Here is an interesting little physics calculation. How does the cost of batteries compare to the cost of "wall" electricity?

Well, the cost you pay your electric company will be around 15 cents per kilowatt-hour. (The non-dimensionally challenged will note that you don't pay for *power*, which would be in kilowatts, but *energy*, which is in kilowatt hours.)

For a battery, let's take:

- Voltage, V = 1.5 volts
- Average Current, I = 2/3 amps
- Lifetime, T = 5 hours
- Cost, C = 1 dollar = 100 cents

These numbers are representative of a D cell battery.

Let's get the correct formula by dimensional analysis—this means if we arrange the parameters to give us the correct dimensions then, we have be close to the correct formula.(That is, there is a unique arrangement of the relevant parameters that produce the correct units.)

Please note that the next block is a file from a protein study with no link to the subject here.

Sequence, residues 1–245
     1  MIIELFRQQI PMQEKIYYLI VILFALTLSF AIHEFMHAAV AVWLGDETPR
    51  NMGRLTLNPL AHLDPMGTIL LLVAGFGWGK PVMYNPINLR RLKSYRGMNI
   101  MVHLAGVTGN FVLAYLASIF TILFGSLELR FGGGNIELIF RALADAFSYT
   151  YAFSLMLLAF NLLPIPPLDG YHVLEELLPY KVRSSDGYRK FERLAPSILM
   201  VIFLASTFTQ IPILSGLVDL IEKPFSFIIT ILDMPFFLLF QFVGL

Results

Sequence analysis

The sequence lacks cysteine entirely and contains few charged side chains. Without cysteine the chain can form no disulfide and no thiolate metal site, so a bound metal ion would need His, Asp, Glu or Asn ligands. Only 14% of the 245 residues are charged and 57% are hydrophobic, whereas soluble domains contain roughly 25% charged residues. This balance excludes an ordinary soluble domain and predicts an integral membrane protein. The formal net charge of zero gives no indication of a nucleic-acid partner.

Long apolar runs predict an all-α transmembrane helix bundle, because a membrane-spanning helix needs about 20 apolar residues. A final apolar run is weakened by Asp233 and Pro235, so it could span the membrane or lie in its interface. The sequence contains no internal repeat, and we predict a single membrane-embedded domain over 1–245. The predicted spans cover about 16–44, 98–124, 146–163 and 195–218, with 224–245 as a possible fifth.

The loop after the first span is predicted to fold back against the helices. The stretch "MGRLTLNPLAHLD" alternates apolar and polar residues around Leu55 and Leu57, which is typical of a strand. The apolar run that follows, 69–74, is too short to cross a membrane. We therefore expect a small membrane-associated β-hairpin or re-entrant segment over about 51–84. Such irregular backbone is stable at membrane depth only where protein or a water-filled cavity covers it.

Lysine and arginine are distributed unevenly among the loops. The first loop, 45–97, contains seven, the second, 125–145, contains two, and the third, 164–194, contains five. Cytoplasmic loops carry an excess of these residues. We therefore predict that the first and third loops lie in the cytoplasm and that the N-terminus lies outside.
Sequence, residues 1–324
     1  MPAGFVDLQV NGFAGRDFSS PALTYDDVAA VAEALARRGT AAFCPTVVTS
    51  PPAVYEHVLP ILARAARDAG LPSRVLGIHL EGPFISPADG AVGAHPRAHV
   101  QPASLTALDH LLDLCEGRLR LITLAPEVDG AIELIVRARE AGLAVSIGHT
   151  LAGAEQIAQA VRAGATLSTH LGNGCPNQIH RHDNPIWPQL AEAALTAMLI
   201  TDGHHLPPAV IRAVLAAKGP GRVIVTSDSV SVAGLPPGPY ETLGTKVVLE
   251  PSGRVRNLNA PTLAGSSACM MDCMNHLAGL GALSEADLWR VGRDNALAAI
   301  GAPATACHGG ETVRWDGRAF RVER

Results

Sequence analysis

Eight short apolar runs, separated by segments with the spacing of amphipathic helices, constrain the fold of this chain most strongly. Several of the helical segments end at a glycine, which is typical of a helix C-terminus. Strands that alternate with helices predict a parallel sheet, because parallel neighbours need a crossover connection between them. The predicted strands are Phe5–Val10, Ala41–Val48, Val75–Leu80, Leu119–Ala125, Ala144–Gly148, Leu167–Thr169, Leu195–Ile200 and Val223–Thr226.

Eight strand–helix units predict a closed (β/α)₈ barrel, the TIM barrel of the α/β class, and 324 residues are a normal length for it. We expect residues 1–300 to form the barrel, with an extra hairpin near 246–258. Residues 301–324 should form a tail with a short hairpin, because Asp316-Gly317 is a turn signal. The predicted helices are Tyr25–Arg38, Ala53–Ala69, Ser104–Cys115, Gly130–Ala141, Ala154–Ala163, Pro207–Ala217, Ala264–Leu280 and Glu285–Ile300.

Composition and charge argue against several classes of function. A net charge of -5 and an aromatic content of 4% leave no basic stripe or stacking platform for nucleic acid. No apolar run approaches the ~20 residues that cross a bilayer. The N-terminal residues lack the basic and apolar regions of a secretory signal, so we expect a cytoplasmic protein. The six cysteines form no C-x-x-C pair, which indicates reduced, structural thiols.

Our answer should be in *cents per kilowatt hour*, which means cents/kilowatt-hour

To get watts we need volts × amps, or V × I. To get kilowatts, we need V × I / 1000. Thus to get *cents per kilowatt hour* we need

(C × 1000) / ( V × I × T)

To be sure, dimensional analysis only tells us the answer is "like" this. There could be a factor of 2 or π that we missed. This, however, turns out to be the correct formula, one that we would have arrived at by more traditional reasoning.

So what do we get? Plug in the numbers:

(100 cents × 1000) / (1.5 volts × 2/3 amps × 5 hours) = 20,000 cents per kilowatt-hour! (or 200 dollars per kilowatt-hour)

Thus a battery is ~1300 times more expensive that wall electricity.

For more "back of the envelope" calculations like this one, see Back of the Envelope Physics, by Clifford Swartz.

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